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The Eating Journey

The window of opportunity: What is it?

Like talking and walking, acquiring a love healthy food is something baby learns. How can you get your child to choose peppers over pizza?  

There’s a unique Window of Opportunity during baby’s first 1,000 days of life that is the ideal time to establish a healthy relationship with food and influence lifelong health. Here’s what you need to know about this important time of a child’s life.

What is the ‘Window of Opportunity’?

The first 1,000 days of life, from conception until age 2, are when the foundations for good health are built. Optimal nutrition during this Window of Opportunity is key for future good health. Good nutrition in these first 1,000 days lowers baby’s risk of developing diet-related illnesses later in life, including obesity, type 2 diabetes, and heart disease.

Moms play a crucial role during this time. Baby is first exposed to flavors through amniotic fluid and their sense of smell develops during the first trimester. When mom eats lots of nutrient-dense food, essential nutrients and new flavors are transferred to baby.

Baby is usually more accepting and willing to try new foods before the age of 1, so flavors and textures introduced early help develop a confident eater.

Evidence also suggests food fussiness and overeating increases and acceptance of new foods and flavors decreases, if baby isn’t introduced to lumpy foods before 8 months old.

Benefits of the Window of Opportunity

Supporting a healthy relationship with food during the first 1,000 days improves overall health. Here’s how:

Encourages proper brain growth and development

From conception until their 2nd birthday, baby’s brain grows faster than at any other time, reaching 80% of its adult size by age 3.

Baby’s emotional, cognitive, and motor skills also start to develop in the first 1,000 days and are supported through good nutrition.

Aids physical development

A diet packed with macronutrients, such as carbohydrates, fats, and proteins, and micronutrients, including essential vitamins and minerals, provides baby with the nutrition they need for physical growth.

Good nutrition during the first 1,000 days of life supports good weight gain and helps baby reach their developmental milestones.

Supports the growing immune system

Good nutrition early in life helps to program the immune system to develop and perform its job properly.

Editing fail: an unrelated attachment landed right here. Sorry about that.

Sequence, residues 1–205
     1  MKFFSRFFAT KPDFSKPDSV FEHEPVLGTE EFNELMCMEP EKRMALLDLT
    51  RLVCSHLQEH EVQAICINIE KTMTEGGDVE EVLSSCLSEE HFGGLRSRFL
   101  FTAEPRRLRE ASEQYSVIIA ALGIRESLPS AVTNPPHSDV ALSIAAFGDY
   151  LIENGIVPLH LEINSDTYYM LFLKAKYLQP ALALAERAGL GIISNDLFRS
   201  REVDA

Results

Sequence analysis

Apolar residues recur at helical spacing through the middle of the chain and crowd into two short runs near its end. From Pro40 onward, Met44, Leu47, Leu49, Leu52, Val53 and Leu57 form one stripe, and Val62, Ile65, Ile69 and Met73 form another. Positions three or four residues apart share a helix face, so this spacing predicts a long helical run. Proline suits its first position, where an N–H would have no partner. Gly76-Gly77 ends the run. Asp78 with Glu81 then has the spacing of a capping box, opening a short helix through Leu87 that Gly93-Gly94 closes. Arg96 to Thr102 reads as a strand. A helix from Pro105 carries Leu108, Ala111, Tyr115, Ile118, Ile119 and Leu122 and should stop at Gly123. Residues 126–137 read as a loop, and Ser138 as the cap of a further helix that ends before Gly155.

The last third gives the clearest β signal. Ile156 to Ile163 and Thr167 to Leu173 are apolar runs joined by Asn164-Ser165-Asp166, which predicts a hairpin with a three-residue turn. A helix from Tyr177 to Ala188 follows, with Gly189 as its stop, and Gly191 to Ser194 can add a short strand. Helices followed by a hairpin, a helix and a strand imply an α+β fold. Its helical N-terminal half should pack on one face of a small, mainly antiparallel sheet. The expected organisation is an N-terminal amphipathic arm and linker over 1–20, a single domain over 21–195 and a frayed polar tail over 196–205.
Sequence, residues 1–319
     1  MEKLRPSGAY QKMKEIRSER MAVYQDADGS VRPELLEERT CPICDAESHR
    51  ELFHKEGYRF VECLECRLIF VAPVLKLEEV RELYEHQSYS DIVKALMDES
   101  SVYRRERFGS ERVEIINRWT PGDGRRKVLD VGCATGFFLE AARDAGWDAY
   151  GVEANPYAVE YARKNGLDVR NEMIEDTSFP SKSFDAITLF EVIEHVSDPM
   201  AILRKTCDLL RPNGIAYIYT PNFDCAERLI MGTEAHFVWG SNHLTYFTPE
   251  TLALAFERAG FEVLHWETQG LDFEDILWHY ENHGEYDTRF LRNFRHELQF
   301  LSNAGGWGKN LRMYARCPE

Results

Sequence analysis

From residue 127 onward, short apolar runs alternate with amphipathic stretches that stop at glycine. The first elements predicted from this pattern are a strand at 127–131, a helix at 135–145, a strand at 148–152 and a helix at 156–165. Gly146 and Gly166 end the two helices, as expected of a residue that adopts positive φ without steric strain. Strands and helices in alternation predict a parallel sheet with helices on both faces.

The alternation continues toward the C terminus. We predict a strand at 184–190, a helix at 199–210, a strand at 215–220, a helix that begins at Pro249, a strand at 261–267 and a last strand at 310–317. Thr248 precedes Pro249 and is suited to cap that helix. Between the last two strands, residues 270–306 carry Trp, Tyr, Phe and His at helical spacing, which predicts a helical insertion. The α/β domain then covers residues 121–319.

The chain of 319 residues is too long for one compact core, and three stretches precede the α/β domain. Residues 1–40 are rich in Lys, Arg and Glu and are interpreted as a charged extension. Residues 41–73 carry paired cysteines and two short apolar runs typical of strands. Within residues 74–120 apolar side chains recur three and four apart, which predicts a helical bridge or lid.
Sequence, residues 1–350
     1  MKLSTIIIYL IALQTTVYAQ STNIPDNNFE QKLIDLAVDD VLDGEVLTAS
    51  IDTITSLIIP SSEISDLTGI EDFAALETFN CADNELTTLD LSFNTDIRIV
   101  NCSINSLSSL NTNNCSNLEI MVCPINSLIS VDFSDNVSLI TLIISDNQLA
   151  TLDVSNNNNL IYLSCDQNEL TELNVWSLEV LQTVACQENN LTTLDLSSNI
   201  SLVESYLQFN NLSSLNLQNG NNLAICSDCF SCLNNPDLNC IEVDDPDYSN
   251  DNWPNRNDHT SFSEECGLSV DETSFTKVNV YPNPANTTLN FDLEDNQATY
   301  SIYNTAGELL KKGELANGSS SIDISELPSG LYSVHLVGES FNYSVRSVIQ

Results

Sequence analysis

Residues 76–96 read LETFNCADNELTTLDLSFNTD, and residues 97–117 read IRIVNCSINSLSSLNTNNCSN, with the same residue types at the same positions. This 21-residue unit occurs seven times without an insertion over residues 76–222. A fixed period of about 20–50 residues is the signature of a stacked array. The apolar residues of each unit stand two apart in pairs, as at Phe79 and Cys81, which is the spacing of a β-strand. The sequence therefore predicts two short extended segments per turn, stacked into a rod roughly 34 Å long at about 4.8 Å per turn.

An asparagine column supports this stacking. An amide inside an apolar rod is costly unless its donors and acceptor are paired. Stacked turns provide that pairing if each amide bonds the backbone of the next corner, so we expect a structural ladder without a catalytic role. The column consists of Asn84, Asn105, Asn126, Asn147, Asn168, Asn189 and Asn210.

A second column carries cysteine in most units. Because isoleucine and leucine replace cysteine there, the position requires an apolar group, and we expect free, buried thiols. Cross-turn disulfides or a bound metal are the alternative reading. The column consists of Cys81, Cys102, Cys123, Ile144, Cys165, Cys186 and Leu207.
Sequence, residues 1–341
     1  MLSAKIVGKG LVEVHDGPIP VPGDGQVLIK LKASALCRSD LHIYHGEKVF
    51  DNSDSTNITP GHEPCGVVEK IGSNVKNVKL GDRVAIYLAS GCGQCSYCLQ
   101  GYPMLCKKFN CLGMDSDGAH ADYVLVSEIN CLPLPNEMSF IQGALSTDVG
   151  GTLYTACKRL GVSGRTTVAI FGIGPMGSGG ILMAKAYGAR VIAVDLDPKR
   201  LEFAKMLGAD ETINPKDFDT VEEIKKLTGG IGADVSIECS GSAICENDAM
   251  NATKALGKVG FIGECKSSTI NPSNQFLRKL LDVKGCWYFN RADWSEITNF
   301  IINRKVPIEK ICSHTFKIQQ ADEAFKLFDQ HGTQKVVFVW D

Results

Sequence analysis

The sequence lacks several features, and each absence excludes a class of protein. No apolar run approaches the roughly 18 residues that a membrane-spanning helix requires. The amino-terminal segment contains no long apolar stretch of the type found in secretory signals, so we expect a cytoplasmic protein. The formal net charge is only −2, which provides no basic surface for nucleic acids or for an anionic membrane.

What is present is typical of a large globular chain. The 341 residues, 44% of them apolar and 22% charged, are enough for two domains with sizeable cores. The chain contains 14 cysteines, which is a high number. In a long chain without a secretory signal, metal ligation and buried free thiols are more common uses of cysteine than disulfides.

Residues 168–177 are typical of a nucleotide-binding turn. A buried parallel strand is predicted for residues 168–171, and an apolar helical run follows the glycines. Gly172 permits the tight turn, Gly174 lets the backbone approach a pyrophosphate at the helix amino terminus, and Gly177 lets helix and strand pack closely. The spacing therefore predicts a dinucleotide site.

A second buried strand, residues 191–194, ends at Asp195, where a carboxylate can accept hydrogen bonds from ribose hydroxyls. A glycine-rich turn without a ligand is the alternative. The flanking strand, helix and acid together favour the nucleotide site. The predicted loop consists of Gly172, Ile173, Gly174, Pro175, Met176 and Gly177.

Baby’s gut health also influences their developing immune system as most immune cells are found inside the gut. A nutrient-dense diet supports a healthy gut and lowers baby’s risk of asthma, eczema, and other allergies.

Establishes healthy eating habits

Healthy eating habits developed in the first 1,000 days are usually carried into adulthood. Children who learn what’s healthy, how to enjoy food in moderation, and to stop eating when full are on a great path to lifelong good health.

How to take advantage of the Window of Opportunity

Use the first 1,000 days to give baby the best start in life.

Start with pregnancy

Pregnancy is an ideal time to focus on eating well to influence early food preferences.

If it works for mom and bub, breastfeeding is best. Breast milk contains all the nutrients baby needs for about the first 4­-6 months and flavors from mom’s diet are transferred through breast milk and help with early flavor training.

But we know breastfeeding doesn’t go smoothly for everyone, so don’t worry, there’s still lots of time to optimize baby’s health. When baby is aged 4-6months introduce tiny amounts of single vegetables to kick-start early flavor training.

Offer a variety of flavors and textures across all food groups

As we now know, the more flavors and textures baby is introduced to, the more they will prefer healthy foods. 

Offer baby a variety of age-appropriate vegetables, fruits, grains, dairy products, and lean meats. Try different flavor combinations and add herbs and spices but be mindful of added salt.

Offer foods again and again. Chances are baby won’t like every new food the first time they try it but keep offering it. It may take baby 10-15 times to accept a new food.

And remember, the first few months of solids isn’t about nutrition, it’s about taste experiences to help develop healthy food preferences.

Avoid rewarding good behavior with sweet food

Make healthy eating the norm and not something rewarded with a sweet treat afterwards. And follow baby’s lead in the early days—you can offer healthy foods but it’s up to baby to control their own intake. 

Understanding the impact nutrition has during the Window of Opportunity is empowering, and parents can positively influence baby’s long-term health with simple, healthy food choices.

Disclaimer: The information provided is the opinion of Good Feeding, it has not been evaluated by healthcare professionals, and is for educational purposes only.  Before starting any new foods or feeding practices, please consult your baby's healthcare professional.


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